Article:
Two enzymes and an L-arginine source secure EU approvals

By Jane Byrne

- Last updated on GMT

© GettyImages/olaser
© GettyImages/olaser

Related tags Kemin BRI Enzyme Efsa Amino acid

Several feed additives were granted EU marketing authorization this month.

Eppen Biotech’s L-arginine, produced by Corynebacterium glutamicum CGMCC 20516, has been approved​ for use in the EU as a feed additive for all animal species.

The additive is intended to be used in feed and water for drinking for all animal species and categories. EFSA found it was an efficacious source of the essential amino acid l‐arginine.

For the supplemental l‐arginine to be as efficacious in ruminants as in non‐ruminant species, it requires protection against degradation in the rumen, noted a scientific opinion from the European Food Safety Authority (EFSA).

The Authority also concluded in its June 2022 opinion that, under the proposed conditions of use, the additive does not have an adverse effect on consumer safety or the environment, or on animal health when supplemented in appropriate amounts and according to the nutritional needs of the target species.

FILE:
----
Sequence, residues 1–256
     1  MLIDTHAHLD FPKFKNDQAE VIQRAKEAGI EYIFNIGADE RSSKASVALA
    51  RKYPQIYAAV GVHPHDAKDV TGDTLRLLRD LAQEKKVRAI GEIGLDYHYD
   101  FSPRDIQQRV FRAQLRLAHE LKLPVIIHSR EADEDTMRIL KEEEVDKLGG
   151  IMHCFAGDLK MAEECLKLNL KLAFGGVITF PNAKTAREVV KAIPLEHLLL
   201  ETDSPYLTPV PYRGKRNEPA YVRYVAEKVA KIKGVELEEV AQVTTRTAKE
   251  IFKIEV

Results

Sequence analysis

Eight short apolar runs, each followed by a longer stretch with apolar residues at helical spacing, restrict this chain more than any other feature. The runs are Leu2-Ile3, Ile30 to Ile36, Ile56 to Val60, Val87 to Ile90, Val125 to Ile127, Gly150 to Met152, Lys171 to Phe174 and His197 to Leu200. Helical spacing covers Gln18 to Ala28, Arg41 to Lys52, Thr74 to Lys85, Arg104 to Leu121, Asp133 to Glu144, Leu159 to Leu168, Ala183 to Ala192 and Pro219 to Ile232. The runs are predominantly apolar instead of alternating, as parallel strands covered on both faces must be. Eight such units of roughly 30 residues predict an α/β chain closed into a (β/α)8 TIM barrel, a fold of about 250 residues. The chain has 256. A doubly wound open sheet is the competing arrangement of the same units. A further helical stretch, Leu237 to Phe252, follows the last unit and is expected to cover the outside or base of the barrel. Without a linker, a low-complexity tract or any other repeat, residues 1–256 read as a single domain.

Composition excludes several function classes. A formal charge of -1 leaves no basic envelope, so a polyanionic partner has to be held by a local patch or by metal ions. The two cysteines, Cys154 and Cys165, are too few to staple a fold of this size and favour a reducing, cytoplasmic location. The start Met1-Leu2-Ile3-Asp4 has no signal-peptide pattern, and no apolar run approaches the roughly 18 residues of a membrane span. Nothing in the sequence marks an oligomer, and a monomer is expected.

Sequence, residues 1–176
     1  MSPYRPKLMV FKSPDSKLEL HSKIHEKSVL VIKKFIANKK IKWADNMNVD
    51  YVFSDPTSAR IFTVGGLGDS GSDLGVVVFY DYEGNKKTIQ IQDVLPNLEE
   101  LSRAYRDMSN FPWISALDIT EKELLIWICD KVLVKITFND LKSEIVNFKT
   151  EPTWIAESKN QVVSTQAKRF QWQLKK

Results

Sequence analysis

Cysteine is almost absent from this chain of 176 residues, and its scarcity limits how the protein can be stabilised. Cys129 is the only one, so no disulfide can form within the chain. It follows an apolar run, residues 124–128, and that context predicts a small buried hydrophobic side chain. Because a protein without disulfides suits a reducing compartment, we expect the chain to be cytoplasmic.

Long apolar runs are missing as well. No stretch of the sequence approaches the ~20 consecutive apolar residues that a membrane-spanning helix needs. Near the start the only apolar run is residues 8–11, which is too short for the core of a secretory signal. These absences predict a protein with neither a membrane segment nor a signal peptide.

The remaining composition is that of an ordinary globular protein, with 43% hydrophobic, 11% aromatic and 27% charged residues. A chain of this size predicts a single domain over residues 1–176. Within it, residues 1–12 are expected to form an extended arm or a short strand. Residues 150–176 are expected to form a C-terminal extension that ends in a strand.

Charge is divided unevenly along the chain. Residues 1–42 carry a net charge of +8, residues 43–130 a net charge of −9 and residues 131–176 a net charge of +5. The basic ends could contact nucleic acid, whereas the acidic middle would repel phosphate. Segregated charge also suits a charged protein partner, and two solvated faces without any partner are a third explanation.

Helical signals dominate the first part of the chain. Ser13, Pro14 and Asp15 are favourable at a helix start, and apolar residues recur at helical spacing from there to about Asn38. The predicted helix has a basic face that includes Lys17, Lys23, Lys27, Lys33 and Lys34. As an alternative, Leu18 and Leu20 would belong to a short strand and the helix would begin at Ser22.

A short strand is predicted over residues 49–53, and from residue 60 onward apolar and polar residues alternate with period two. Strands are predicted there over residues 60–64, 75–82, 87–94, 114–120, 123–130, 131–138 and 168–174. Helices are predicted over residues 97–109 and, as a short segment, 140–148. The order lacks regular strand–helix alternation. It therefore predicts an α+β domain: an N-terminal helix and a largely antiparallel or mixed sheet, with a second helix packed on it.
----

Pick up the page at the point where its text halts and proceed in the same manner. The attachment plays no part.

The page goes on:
Nutritional imbalances caused by the simultaneous administration of L-arginine via water for drinking and feed must be prevented.

Enzyme approvals

Kemin’s xylanase, a preparation of endo-1,4-beta-xylanase produced by Komagataella phaffii ATCC PTA-127053, was also authorized​ by EU regulators in March. It is a feed additive for use with laying poultry.

The enzyme is classified as a zootechnical additive, a digestibility enhancer.

EFSA concluded that the additive is safe and has the potential to be efficacious for laying hens when added to feed at 45 000 U/kg. Those conclusions can be extrapolated to all laying poultry species, said the Authority.

In addition, BioResource International (BRI) saw its xylanase, a preparation of endo-1,4-beta-xylanase produced by Komagataella phaffii DSM 33574, approved​ as a feed additive in the EU for all poultry species.

Phytogenics-based product broadens coverage

DSM also secured EU authorisation in March for a phytogenics-based product, a preparation of carvacrol, thymol, D-carvone, methyl salicylate and L-menthol, extending an existing authorisation to allow the product be used in turkeys and some of other avian species.

“As we invest in further innovation to support producers with science-based technologies, we expect phytogenics to play a growing role in our suite of gut health solutions,” Dr Mohammad Vadiei, global eubiotics manager at DSM, told this site.

He added that the company's aim is to deliver cutting-edge solutions that improve animal gut health, increase producer profitability and support sustainability.

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